On Remembrance Day, Premier Philippe Couillard drew a parallel between the Islamic State and Nazi Germany. He also told the press that the Second World War had been a struggle against the Nazi regime and its “organized racism.”
La Presse highlighted that “the Premier has always been favorable to Canada’s involvement in Iraq and Syria to fight the Islamic State.” On November 15, the Toronto Sun evoked Premier Couillard’s “opposition to [Prime Minister] Trudeau’s position to shut down the combat mission” against ISIS.
During an interview with Dominic Maurais on CHOI Radio X on Remembrance Day, Mr. Couillard mentioned that he is the father and the father-in-law of two soldiers in the Canadian Forces. Mr. Couillard recalled the memory of the brother of his French mother who fought the Nazi occupation of France and was shot by the SS in the Alps after he was caught. Other members of his family were sent to concentration camps by the occupier.
Leading Islamists have openly acknowledged the affinities of their objectives with the Nazi program in the past:
Youssef Qaradawi, the spiritual guide of the Muslim Brotherhood, stated that Hitler had been sent by Allah to punish the Jews and he encouraged his supporters to pick up where Hitler had left off Al-Jazeera / MEMRI;
In his text To what do we invite humanity?, the founder of the Muslim Brotherhood, Hassan Al-Banna, presented Adolf Hitler as a model to Muslims looking for “success and fortune”;
In 2013, Tareq Hawwas (aka Tariq Al Hawas), a Muslim cleric who has been involved with the Qatar Foundation / Archive.Today in the past, said on Jews “if only Hitler had finished them off, thus relieving humanity of them” MEMRI / WebArchive – Archive.Today – JihadWatch. Also Politico / Archive.Today
On the other hand, Hitler himself had expressed his admiration for Islam. Albert Speer, the Minister of Armaments and War Production for Nazi Germany, recalled it in his Memoirs. Click on the image to view the excerpt from an English translation of the book:
Hitler had been much impressed by a scrap of history he had learned from a delegation of distinguished Arabs. When the Mohammedans attempted to penetrate beyond France into Central Europe during the eighth century, his visitors had told him, they had been driven back at the Battle of Tours. Had the Arabs won this battle, the world would be Mohammedan today. For theirs was a religion that believed in spreading the faith by the sword and subjugating all nations to that faith. The Germanic peoples would have become heirs to that religion. Such a creed was perfectly suited to the Germanic temperament. […] Hitler usually concluded this historical speculation by remarking: ‘You see, it’s been our misfortune to have the wrong religion. Why didn’t we have the religion of the Japanese, who regard sacrifice for the Fatherland as the highest good? The Mohammedan religion too would have been much more compatible to us than Christianity. Why did it have to be Christianity with its meekness and flabbiness?’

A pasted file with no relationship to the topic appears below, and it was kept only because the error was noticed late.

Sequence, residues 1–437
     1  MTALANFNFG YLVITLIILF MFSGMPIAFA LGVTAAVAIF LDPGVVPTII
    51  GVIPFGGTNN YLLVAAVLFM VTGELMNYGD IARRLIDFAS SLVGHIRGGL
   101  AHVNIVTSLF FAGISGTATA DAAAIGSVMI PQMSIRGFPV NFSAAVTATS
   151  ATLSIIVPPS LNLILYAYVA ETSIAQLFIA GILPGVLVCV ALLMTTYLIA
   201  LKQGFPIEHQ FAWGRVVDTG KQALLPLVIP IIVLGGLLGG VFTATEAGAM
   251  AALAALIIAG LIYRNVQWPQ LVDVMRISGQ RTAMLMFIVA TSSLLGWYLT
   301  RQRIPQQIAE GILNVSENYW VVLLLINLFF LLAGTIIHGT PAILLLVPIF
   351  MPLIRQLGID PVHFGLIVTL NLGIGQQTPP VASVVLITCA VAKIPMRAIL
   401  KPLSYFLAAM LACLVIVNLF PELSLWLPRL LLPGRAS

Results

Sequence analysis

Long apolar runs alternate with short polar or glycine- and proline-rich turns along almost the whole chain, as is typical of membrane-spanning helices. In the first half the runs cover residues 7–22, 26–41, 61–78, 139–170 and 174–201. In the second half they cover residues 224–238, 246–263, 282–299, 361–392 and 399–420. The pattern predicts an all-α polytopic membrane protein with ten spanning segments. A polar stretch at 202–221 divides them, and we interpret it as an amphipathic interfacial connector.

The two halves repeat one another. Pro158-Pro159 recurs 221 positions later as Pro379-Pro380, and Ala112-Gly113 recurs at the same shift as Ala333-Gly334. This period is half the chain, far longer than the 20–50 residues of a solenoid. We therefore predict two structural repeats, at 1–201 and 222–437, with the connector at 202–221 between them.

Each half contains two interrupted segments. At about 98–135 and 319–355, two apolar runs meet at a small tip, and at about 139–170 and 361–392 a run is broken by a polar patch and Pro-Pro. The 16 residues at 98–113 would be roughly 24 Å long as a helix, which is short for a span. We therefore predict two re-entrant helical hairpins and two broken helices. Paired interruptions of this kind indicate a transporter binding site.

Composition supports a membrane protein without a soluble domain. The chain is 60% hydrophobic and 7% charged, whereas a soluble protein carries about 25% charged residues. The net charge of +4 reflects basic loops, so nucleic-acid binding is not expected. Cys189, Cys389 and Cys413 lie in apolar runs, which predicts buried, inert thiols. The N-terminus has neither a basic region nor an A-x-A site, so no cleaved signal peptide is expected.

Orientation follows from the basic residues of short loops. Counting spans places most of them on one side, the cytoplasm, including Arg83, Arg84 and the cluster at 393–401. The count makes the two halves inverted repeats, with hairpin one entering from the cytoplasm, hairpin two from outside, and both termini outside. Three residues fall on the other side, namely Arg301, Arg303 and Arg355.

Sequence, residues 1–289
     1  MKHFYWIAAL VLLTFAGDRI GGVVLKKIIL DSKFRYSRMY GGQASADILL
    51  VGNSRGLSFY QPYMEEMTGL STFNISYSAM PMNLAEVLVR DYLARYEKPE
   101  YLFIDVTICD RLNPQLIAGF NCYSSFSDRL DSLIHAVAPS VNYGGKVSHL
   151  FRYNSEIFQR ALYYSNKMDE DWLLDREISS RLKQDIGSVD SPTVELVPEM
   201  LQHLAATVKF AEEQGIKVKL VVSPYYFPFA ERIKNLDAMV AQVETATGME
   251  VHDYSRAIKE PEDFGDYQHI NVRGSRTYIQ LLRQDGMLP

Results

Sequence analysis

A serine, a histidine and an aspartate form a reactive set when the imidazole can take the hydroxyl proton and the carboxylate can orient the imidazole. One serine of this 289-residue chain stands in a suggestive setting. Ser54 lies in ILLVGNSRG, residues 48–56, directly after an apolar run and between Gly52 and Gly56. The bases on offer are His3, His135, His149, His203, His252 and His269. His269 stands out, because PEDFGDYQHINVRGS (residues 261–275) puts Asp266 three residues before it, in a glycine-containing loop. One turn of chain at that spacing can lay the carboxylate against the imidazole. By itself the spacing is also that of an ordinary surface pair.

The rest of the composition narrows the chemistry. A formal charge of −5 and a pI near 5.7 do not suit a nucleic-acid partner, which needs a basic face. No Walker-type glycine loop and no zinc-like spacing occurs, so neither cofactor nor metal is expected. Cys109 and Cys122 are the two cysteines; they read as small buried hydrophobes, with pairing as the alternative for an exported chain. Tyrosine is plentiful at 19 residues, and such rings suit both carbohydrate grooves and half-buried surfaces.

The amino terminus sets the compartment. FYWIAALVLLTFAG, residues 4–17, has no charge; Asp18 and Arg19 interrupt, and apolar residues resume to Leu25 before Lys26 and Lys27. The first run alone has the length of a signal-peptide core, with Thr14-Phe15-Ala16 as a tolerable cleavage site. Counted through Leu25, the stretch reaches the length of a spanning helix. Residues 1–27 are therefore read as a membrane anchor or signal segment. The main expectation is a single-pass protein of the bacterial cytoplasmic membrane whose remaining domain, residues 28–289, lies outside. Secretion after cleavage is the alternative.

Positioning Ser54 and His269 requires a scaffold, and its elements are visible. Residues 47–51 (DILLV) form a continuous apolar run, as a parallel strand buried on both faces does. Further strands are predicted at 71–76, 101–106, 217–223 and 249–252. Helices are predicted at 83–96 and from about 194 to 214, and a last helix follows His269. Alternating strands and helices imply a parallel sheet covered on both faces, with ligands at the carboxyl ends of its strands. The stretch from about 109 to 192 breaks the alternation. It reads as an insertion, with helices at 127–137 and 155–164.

We certainly concur with Premier Couillard regarding the opportune parallel that he drew between the Islamic State and the Nazi regime. However, we believe that freedom of expression is essential to fight the Islamic State and the Islamist threat in general. This is why we oppose the so-called “hate speech” Bill 59 which he introduced in June 2015.
This bill has been the answer of the Government of Quebec to a request by the Quebec Human Rights Commission for more powers to prosecute individuals who, in its evaluation, promote the “fear of the other.” Jacques Frémont, the head of the Commission, clearly told Radio-Canada in December 2014 that he intends on prosecuting those who are critical of certain ideas, and, in particular, “people who would write against […] the Islamic religion.”
Nazism was vanquished because proper actions were taken after this ideology was analysed and understood. Unless the doctrine and the concepts shared by Islamists can be freely discussed and analysed without fear of being sued for “hate speech,” the terrorist attacks will continue and the Islamist threat will grow.
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ENGLISH TRANSLATION BY POINT DE BASCULE
Author: Martin Croteau
Source: La Presse (Montréal), November 11, 2015
(Quebec City) On Wednesday, Philippe Couillard drew a parallel between the armed group Islamic State (ISIS) and Nazi Germany while ceremonies commemorating Remembrance Day were taking place all over the country.
The commemoration of the Armistice that ended World War I has a special meaning for the Premier, who is himself the father of a soldier. According to him, we must “give a special attention” to the lessons emanating from armed conflicts.
He reminds us that the Second World War, the deadliest conflict in history, was a struggle against the Nazi regime and its “organized racism.”
“It’s difficult for young people to connect with this reality after so many years, Mr. Couillard conceded. But, if they look around with what happens with the Islamic State, with the terrorist threat, they can relate.”
The Premier has always been favorable to Canada’s involvement in Iraq and Syria to fight the Islamic State. Last year, he said that Quebeckers and Canadians would be naive to underestimate the threat posed by the terrorist organization.
Philippe Couillard will take part to a ceremony near the St. Louis Gate later this morning.